- News Releases
It's the medical resource behind discoveries that have affected patients around the globe, treasured by researchers and funded by the National Institutes of Health for nearly 50 years: the Rochester Epidemiology Project. This comprehensive medical records pool makes Olmsted County, Minn., one of the few places in the world where scientists can study virtually an entire geographic population to identify trends in disease, evaluate treatments and find factors that put people at risk for illness — or protect them.
The project has its origins in the earliest days of Mayo Clinic. Long before computers existed, Mayo archived patient medical records, believing they would someday prove valuable to researchers. Since it began, the REP has supported more than 2,000 studies and followed a half-million lives. Co-director Walter Rocca, M.D., a Mayo Clinic neurologist and epidemiologist says, "The Rochester Epidemiology Project is unique, especially because of its historical capability. We go back to 1966, and we can look at big chunks of histories of people's lives."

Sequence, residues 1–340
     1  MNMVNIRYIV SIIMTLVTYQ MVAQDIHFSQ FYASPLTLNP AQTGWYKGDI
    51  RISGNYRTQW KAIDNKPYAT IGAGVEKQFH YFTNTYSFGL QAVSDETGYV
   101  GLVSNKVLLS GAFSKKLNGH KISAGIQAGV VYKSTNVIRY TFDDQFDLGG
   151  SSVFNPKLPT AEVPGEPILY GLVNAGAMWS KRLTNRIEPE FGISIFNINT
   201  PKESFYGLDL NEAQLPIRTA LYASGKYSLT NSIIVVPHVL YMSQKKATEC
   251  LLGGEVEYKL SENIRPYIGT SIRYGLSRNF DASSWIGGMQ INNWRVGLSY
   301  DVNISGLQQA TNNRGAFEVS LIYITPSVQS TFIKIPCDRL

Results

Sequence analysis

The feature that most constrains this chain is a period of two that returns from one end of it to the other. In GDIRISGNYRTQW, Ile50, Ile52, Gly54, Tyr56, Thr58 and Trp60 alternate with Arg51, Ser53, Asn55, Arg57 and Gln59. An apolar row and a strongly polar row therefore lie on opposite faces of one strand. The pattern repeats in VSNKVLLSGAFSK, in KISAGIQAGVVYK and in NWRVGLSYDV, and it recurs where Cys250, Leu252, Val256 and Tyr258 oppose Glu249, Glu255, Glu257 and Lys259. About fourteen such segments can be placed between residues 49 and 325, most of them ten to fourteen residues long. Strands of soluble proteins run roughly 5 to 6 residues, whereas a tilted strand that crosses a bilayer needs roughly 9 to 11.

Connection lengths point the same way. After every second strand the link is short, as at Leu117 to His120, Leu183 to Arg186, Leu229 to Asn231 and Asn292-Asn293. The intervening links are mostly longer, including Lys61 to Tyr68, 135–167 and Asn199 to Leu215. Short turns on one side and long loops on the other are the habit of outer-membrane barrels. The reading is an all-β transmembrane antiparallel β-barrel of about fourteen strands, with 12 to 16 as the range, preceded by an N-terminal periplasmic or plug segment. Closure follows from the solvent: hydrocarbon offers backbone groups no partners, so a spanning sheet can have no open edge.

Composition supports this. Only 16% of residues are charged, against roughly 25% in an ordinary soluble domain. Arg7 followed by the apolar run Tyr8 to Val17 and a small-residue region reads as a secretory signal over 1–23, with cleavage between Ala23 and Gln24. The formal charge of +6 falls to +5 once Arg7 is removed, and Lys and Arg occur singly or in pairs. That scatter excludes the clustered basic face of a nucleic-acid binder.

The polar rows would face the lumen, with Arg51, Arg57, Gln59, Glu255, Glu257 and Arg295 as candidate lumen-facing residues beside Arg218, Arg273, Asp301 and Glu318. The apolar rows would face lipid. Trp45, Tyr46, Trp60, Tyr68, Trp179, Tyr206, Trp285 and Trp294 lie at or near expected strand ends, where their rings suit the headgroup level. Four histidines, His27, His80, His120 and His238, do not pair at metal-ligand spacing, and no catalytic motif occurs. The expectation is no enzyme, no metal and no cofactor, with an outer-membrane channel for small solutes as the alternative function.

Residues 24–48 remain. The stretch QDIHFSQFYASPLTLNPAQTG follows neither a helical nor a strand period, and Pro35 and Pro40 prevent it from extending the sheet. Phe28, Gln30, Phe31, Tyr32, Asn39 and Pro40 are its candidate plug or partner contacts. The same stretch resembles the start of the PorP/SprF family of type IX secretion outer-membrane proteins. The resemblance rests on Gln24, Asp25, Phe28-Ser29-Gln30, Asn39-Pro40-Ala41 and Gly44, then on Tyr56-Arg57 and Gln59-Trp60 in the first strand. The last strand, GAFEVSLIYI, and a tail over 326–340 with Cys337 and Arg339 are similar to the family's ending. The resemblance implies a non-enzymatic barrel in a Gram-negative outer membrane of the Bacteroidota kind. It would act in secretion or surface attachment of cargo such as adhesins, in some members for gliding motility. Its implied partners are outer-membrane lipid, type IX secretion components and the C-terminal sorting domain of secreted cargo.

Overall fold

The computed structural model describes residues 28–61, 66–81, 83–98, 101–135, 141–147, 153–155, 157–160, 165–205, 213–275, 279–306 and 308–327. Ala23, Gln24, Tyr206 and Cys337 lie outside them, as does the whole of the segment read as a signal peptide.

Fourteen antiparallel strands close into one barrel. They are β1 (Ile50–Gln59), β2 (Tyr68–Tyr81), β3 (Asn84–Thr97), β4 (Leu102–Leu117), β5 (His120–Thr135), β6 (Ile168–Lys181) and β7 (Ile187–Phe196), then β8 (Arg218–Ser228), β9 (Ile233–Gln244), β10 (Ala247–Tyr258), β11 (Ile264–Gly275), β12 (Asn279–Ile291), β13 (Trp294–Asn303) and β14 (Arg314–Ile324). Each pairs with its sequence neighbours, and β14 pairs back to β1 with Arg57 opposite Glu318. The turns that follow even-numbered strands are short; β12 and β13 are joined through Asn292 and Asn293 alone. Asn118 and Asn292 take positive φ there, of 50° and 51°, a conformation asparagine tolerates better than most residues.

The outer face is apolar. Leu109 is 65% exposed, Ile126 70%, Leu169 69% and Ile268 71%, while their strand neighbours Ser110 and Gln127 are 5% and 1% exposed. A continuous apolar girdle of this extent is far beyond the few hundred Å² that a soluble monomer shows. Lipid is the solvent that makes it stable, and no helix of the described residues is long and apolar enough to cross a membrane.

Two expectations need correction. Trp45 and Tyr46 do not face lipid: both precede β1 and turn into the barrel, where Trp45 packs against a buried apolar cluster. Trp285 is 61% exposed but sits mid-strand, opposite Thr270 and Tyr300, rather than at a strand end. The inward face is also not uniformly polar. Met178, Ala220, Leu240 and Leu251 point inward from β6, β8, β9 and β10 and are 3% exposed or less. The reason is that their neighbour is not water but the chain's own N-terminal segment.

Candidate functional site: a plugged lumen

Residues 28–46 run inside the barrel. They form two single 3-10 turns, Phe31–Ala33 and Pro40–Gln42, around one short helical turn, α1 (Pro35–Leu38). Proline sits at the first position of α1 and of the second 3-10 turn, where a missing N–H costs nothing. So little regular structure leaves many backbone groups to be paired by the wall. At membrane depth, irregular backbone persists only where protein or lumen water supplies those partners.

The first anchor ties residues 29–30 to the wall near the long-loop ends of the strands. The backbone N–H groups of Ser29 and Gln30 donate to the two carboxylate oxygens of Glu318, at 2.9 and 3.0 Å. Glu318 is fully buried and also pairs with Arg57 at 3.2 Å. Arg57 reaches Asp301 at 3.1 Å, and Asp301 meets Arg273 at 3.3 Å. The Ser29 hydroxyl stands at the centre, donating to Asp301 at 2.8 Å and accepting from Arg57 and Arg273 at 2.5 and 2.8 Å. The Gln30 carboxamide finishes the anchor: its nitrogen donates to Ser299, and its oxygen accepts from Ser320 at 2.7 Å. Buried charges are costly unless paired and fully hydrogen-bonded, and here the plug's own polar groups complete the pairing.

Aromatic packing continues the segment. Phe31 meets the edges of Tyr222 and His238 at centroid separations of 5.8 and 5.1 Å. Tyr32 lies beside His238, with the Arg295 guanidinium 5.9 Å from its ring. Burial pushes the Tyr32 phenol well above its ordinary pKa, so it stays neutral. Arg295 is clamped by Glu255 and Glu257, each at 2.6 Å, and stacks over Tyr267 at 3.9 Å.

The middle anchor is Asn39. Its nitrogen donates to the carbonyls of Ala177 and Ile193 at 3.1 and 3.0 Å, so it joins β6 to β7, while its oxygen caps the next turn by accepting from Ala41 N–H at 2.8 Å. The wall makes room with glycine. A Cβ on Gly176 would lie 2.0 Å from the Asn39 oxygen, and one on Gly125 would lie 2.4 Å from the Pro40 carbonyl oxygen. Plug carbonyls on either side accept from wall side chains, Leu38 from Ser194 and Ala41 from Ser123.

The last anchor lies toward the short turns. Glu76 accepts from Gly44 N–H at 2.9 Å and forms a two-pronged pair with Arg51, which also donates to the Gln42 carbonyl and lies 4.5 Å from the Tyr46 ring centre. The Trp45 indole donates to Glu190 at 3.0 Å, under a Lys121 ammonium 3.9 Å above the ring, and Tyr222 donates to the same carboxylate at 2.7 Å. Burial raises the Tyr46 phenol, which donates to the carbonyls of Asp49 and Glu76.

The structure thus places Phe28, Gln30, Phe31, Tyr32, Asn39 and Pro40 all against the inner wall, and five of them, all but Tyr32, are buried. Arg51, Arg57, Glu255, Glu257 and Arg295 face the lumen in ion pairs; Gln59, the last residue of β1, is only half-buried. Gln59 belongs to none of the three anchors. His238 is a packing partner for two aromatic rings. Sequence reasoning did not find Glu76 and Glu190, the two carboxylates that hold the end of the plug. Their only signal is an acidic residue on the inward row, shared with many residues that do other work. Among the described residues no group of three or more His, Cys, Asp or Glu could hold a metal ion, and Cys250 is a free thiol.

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B-Roll and sound bites with Dr. Rocca are available in the downloads above
Expert title for broadcast cg:
Dr. Walter Rocca, Mayo Clinic Epidemiologist & Neurologist
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